PITTSFORD, N.Y. – Tiger Woods walked off the 18th hole and past Jason Dufner and Adam Scott, who stood on the putting green still waiting to tee off as the last group of the PGA Championship's third round.
Woods is usually the one starting his day well into the afternoon on the weekend at a major. But he keeps heading the wrong direction from the leaders at Oak Hill.
The world's No. 1 golfer shot a 3-over 73 on Saturday, leaving him at 4 over for the tournament.
Woods scuffled from his very first swing. He missed the fairway on No. 1, teeing off just after 11 a.m., almost four hours before Dufner and Scott. He bogeyed that hole and had another at the third.
Even when he straightened out his tee shots for a bit, Woods' putting failed him. He didn't make a birdie until this 11th hole, and that would be his only one of the day.
His swing went awry again late in the round, dooming him to bogeys on Nos. 16 and 17.
"I didn't start off very good, and I didn't finish very good," Woods said.
"In the middle part," he added, "I was grinding just to kind of hang in there around par."
So the 14-time major champ must wait until April to resume his now more than 5-year-old pursuit of No. 15.
Not that Woods would ever concede the chase is getting to him. Asked if he's pressing, he deadpanned, "Yeah, at times when I'm underneath the trees and I'm in bunkers and trying to get up-and-down."
He had plenty of experience with both of those predicaments Saturday. Woods hit 5 of 14 fairways and needed 32 putts.
After Friday's round, he squeezed in some time on the practice range with coach Sean Foley. Didn't seem to help.
"I just haven't got my takeaway right; it's off," Woods said. "Consequently the whole patterning is off. Just one of those weeks where it's just a fraction off, and a fraction off on a setup like this, it's going to cost me."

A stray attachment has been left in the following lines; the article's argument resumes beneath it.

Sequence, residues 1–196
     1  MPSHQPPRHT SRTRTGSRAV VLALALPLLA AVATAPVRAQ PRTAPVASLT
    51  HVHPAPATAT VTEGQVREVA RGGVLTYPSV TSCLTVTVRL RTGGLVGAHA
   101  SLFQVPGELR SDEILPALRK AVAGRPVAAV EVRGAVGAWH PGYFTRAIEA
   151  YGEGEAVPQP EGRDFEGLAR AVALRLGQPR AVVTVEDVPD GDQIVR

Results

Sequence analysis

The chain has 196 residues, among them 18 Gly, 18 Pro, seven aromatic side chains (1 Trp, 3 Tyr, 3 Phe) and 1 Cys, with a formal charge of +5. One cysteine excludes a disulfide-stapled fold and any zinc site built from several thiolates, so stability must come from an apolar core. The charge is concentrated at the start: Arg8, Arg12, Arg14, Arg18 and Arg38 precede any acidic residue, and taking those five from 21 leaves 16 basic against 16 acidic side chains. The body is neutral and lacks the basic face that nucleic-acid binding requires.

Especially when his putting wasn't rescuing him.
"When I do it right, I hit some sweet shots. And when I do it wrong, I'm struggling," Woods said. "On top of that, today for some reason I kept blocking every putt. I burned a few edges out there."
On the par-4 seventh, Woods hit his second shot to within about 10 feet, but his birdie try lipped out, and he could only look away in disgust. He briefly appeared to be building some momentum after that birdie on No. 11, but his birdie putt on the 12th from about 5 feet slid by the right side of the hole.
Other than sharing a few laughs with playing partner Keegan Bradley as they walked the course, Woods was rarely demonstrative Saturday, after shots good or bad. Despite tying for 39th the last time the PGA was at Oak Hill a decade ago, Woods calls the course "fantastic."
"Unfortunately I just haven't put it together at the right time," he said.
He hasn't done that at a major in more than five years.